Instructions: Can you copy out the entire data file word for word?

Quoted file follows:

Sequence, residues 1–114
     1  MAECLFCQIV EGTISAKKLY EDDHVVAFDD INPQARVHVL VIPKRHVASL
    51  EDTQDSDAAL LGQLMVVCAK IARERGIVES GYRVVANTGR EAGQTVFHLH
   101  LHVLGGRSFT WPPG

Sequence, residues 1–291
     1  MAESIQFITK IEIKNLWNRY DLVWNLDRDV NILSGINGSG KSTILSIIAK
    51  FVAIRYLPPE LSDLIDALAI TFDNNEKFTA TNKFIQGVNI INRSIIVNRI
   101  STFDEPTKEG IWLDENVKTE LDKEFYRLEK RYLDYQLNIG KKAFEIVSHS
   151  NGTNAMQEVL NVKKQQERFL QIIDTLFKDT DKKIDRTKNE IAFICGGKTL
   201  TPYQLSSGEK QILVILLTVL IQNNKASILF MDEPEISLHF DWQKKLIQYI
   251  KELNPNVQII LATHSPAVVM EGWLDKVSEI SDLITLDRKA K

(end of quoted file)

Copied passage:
Sequence, residues 1–114
     1  MAECLFCQIV EGTISAKKLY EDDHVVAFDD INPQARVHVL VIPKRHVASL
    51  EDTQDSDAAL LGQLMVVCAK IARERGIVES GYRVVANTGR EAGQTVFHLH
   101  LHVLGGRSFT WPPG

Sequence, residues 1–291
     1  MAESIQFITK IEIKNLWNRY DLVWNLDRDV NILSGINGSG KSTILSIIAK
    51  FVAIRYLPPE LSDLIDALAI TFDNNEKFTA TNKFIQGVNI INRSIIVNRI
   101  STFDEPTKEG IWLDENVKTE LDKEFYRLEK RYLDYQLNIG KKAFEIVSHS
   151  NGTNAMQEVL NVKKQQERFL QIIDTLFKDT DKKIDRTKNE IAFICGGKTL
   201  TPYQLSSGEK QILVILLTVL IQNNKASILF MDEPEISLHF DWQKKLIQYI
   251  KELNPNVQII LATHSPAVVM EGWLDKVSEI SDLITLDRKA K